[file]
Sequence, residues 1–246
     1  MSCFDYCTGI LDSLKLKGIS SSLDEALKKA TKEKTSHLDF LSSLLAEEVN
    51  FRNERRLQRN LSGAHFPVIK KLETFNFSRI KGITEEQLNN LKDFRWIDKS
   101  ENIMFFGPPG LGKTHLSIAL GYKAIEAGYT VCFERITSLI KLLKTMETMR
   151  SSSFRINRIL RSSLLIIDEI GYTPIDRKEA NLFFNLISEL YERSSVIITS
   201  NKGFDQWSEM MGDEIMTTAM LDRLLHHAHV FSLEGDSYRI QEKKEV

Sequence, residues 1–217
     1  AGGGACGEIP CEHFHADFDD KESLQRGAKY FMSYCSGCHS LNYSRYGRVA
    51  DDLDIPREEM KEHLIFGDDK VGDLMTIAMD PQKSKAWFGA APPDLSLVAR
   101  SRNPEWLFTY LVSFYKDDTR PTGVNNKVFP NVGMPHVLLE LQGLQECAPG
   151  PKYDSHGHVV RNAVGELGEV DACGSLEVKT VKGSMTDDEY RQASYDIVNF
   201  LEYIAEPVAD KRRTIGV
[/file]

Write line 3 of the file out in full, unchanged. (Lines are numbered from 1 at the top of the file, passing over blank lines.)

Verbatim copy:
    51  FRNERRLQRN LSGAHFPVIK KLETFNFSRI KGITEEQLNN LKDFRWIDKS